Justia Criminal Law Opinion Summaries

Articles Posted in Montana Supreme Court
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The Supreme Court affirmed Defendant's conviction of partner family member assault (PFMA), holding that Defendant's claim that he received ineffective assistance of counsel (IAC) was not susceptible to review on direct appeal and that Defendant failed to establish that the district court allowed testimonial material into the jury room during deliberations. On appeal, Defendant argued that he received ineffective assistance of counsel when his trial counsel failed to object to witnesses' and the State's references to his probation status and, further, referenced Defendant's probation status herself. Defendant also argued that the district court abused its discretion by sending testimonial materials into the jury room during deliberations. The Supreme Court affirmed, holding (1) this Court will not address Defendant's IAC claim on direct appeal because the record was silent as to why defense counsel did not object to the probation references and testimony; and (2) the record did not establish that testimonial material was provided to the jury during its deliberations. View "State v. Ward" on Justia Law

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The Supreme Court affirmed the judgment of the district court affirming a justice court verdict finding Appellant guilty of failure to obtain landowner permission for hunting, holding the district court correctly affirmed Appellant's conviction. Specifically, the Supreme Court held (1) under Mont. Code Ann. 87-6-415, the justice court and the district court did not err when they declined to adopt Appellant's argument that "hunting" and "taking or attempting to take" a game animal are separate, distinct actions that the State has the burden of proving; and (2) the justice court did not abuse its discretion by allowing the State to submit its jury instructions after the deadline. View "State v. Cherry" on Justia Law

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The Supreme Court affirmed in part and reversed in part Appellant's designation as a persistent felony offender (PFO) and corresponding enhanced sentence, holding that Appellant was improperly sentenced as a PFO. Because a fourth or subsequent driving under the influence (DUI) offense constitutes a felony under Montana law, the State charged Appellant's fourth and fifth DUI offenses, committed in 2015, as felonies. Before Appellant was convicted of either felony offense, the State gave notice of its intent to seek PFO designation for Appellant. In 2017, approximately two weeks after a new law took effect changing the definition of a PFO, Appellant pleaded guilty to both felony DUIs. Appellant argued that the 2015 PFO statute no longer applied and that he did not satisfy the requirements necessary to trigger PFO status under the new definition. The district court concluded that the 2015 PFO statute applied and designated Appellant a PFO. The Supreme Court reversed in part, holding that the district court (1) properly applied the 2015 version of the PFO statute at Appellant's sentencing hearing; but (2) erred in sentencing Appellant as a PFO because Mont. Code Ann. 46-18-501 expressly requires the existence of a felony conviction before the commission of the principal offense to effectuate a valid PFO designation. View "State v. Running Wolf" on Justia Law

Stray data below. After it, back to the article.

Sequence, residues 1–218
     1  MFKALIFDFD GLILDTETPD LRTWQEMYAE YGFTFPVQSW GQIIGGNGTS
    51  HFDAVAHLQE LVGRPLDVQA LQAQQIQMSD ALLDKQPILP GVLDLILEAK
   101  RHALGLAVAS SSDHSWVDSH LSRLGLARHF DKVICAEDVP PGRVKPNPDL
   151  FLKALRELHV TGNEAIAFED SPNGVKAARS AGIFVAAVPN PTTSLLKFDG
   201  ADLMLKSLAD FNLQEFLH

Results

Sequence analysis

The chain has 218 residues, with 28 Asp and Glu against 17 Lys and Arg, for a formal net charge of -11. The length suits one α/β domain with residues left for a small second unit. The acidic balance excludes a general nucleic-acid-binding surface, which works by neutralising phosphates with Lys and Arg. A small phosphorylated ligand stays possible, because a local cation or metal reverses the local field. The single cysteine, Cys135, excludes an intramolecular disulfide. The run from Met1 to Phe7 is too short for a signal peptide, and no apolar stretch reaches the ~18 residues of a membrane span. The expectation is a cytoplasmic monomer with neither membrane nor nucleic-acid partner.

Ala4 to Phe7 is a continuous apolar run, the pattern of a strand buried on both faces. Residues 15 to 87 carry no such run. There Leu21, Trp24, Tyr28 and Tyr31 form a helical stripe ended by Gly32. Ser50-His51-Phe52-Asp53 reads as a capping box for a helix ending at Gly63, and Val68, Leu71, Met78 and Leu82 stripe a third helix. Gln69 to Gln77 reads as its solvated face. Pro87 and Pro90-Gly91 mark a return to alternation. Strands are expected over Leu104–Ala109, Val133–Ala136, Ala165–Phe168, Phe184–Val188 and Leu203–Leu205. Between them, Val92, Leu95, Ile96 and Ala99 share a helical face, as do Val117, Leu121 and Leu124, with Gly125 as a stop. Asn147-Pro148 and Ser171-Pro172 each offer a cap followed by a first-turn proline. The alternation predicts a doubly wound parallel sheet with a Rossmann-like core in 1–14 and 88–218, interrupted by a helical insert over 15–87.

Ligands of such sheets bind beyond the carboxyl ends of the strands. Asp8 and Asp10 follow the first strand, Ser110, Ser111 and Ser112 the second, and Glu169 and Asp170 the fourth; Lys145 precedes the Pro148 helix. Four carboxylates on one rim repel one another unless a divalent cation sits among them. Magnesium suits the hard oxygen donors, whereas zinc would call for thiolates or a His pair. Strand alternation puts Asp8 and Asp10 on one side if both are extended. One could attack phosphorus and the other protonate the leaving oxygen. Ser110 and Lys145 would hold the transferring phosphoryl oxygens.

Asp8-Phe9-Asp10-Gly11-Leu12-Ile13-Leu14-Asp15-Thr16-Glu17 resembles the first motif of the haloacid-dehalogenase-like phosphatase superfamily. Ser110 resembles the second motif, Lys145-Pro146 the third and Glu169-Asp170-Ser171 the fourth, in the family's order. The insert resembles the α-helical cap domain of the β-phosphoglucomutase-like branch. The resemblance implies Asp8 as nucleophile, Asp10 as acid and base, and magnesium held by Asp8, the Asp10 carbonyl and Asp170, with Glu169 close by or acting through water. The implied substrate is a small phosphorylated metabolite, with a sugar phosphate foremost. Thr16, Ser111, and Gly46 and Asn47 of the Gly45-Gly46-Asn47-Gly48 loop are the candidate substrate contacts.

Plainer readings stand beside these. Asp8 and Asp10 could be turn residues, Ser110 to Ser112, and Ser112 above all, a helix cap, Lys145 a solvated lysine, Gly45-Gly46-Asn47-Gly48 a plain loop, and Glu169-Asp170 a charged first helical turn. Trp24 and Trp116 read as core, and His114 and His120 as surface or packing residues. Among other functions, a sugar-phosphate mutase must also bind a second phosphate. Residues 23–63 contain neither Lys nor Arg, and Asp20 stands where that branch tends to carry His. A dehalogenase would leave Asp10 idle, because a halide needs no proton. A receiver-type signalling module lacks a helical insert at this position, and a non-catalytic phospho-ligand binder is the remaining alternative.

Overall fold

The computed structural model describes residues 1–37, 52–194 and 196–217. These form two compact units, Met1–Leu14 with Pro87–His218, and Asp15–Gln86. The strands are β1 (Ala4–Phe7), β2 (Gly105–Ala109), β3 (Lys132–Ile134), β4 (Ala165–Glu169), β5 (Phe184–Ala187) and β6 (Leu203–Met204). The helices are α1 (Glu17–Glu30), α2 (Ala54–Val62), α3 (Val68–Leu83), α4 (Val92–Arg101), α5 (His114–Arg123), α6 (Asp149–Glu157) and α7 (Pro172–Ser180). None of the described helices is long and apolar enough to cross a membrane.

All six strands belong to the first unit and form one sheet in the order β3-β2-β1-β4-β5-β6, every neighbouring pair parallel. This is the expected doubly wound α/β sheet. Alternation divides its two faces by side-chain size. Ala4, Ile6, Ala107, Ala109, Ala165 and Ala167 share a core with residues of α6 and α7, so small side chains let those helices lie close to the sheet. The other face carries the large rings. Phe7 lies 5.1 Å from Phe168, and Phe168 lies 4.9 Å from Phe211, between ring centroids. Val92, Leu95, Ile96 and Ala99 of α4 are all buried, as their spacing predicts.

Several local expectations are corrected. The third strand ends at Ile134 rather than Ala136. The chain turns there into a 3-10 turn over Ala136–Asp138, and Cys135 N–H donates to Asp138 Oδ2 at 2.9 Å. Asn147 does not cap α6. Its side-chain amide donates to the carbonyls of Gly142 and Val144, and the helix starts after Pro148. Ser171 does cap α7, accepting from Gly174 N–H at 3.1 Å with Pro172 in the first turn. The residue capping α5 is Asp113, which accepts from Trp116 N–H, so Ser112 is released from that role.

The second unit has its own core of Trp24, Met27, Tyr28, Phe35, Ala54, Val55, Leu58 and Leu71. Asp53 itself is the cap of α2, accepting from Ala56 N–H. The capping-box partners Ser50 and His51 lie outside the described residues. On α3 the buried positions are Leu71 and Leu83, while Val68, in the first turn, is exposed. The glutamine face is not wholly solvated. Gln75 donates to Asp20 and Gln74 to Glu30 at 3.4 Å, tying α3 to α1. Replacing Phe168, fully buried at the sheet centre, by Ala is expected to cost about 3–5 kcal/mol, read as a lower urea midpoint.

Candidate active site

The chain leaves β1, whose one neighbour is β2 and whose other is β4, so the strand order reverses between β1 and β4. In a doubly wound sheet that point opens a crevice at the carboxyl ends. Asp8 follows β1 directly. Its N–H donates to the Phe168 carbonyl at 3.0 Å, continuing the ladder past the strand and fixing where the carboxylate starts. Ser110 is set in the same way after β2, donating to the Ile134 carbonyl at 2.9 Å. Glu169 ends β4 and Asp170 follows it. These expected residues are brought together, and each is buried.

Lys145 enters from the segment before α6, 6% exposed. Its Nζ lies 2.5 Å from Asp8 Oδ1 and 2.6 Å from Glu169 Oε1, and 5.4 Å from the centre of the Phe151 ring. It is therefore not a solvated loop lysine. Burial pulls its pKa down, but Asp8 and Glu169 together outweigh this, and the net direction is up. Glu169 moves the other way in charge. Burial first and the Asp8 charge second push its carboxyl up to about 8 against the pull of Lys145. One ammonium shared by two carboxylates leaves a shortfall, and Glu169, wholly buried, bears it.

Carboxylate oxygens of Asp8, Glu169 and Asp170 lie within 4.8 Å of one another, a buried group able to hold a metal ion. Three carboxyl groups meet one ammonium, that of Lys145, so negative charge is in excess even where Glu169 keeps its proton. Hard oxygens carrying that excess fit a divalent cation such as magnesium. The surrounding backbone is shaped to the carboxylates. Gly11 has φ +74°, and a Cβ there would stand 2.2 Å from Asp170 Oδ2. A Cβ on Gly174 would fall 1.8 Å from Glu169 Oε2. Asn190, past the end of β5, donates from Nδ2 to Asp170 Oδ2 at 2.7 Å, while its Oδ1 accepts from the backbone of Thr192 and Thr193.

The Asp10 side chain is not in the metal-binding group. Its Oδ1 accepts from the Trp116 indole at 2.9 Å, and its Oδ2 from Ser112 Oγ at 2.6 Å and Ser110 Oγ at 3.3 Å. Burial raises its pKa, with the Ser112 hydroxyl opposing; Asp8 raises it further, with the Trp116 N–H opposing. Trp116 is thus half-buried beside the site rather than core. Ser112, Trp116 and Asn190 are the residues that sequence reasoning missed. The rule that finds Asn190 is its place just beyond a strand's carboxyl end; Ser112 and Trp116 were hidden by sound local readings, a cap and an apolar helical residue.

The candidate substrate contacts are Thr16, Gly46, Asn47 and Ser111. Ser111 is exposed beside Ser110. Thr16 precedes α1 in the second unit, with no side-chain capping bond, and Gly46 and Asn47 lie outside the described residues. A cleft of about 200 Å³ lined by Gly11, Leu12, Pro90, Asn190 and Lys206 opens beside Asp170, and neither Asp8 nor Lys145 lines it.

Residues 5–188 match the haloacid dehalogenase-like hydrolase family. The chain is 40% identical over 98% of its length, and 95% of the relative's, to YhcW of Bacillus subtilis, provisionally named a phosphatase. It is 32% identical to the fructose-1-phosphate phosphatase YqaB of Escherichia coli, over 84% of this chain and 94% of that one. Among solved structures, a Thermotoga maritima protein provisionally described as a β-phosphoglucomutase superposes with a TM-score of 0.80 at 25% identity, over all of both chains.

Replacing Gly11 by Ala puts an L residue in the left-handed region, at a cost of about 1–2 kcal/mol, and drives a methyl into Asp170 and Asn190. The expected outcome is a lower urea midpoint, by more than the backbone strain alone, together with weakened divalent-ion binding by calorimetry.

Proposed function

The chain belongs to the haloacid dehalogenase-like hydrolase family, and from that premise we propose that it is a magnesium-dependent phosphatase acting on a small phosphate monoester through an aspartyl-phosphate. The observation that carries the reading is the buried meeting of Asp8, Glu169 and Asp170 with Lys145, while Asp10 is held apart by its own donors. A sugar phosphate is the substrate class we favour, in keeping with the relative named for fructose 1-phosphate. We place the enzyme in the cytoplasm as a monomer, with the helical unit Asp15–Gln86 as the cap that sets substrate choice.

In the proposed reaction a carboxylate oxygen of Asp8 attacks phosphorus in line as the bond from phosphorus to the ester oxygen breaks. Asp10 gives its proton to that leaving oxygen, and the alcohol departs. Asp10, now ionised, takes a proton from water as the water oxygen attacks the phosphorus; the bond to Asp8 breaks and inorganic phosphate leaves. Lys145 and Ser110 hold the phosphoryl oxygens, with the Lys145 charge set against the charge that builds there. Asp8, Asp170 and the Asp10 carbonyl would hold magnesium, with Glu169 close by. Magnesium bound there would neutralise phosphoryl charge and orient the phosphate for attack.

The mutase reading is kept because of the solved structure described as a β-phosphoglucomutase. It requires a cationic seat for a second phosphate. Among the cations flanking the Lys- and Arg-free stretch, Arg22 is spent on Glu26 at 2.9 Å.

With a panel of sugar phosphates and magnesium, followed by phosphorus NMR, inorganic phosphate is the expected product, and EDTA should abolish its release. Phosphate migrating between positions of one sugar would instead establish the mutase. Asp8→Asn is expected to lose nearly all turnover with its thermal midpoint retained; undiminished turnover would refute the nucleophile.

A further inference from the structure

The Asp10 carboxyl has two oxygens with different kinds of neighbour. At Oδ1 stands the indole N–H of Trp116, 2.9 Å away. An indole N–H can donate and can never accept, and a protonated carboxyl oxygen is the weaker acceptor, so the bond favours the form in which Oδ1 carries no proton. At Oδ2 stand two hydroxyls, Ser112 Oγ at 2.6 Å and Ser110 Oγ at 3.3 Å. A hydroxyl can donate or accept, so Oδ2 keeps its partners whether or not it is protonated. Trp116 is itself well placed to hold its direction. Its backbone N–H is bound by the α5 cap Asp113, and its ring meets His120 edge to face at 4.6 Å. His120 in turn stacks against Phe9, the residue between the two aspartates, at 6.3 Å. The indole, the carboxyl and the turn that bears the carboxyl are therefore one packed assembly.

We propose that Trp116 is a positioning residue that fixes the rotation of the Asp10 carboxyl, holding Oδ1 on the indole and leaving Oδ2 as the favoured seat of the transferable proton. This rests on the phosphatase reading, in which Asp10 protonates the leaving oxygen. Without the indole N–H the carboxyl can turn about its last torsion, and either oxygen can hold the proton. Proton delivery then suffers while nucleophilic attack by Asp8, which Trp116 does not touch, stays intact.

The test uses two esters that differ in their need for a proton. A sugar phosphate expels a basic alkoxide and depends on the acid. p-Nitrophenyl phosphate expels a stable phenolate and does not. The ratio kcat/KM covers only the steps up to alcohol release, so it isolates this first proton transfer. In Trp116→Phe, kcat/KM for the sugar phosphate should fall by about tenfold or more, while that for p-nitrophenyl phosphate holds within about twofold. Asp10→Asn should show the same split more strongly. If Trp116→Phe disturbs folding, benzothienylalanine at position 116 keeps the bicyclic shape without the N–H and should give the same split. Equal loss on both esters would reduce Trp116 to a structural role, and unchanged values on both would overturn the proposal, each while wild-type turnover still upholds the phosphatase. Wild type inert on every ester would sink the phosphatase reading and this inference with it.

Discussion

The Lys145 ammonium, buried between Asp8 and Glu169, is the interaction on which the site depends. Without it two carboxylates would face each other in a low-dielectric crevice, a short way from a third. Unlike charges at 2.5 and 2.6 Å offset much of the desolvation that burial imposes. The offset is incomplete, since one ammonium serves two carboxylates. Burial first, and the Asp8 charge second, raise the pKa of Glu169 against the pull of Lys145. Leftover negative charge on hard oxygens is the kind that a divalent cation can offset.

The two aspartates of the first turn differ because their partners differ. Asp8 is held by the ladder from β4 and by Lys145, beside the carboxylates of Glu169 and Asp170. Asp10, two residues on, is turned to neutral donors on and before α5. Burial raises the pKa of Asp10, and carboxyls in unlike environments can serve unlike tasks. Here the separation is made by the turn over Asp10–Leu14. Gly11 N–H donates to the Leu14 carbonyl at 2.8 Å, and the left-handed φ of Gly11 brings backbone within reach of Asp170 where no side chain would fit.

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The Supreme Court affirmed the order of the district court revoking Appellant's deferred sentence for criminal possession of illicit drugs, holding that the district court did not abuse its discretion when it revoked Appellant's deferred sentence after he failed to report to his probation officer for three months. Specifically, the Court held (1) the district court did not abuse its discretion in determining that Appellant absconded in violation of his probation conditions such that Defendant's probation officer was not required to exhaust Montana Incentives and Interventions Grid for Adult Probation & Parole procedures prior to initiating revocation proceedings against Appellant; (2) substantial evidence supported the district court's conclusion that Appellant failed to report for the purpose of avoiding supervision and that the probation office made reasonable efforts to contact Appellant; and (3) therefore, the district court did not abuse its discretion in revoking Appellant's deferred sentence. View "State v. Oropeza" on Justia Law

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The Supreme Court upheld a district judge's order allowing the Montana State Hospital (MSH) to involuntarily medicate Petitioner if he refused to take prescribed antipsychotic medication, holding that the district court did not err in finding that important governmental interests were at stake in this case and that involuntary medication was likely to render Petitioner competent to stand trial and was in Petitioner's best interest. Petitioner was charged with five felonies arising from an incident including the shooting death of a law enforcement officer. Petitioner was found mentally unfit to proceed to trial due to a mental disorder, and MSH proposed a treatment plan, including antipsychotic medication, to try to render Petitioner mentally fit to stand trial. Because Petitioner refused to take the medication the State requested the district court to take the medication or allow MSH to give him involuntary injections of the medication. The district court granted the State's motion. The Supreme Court affirmed, holding that the State met its burden of proving the relevant facts by clear and convincing evidence. View "Barrus v. Montana First Judicial District Court" on Justia Law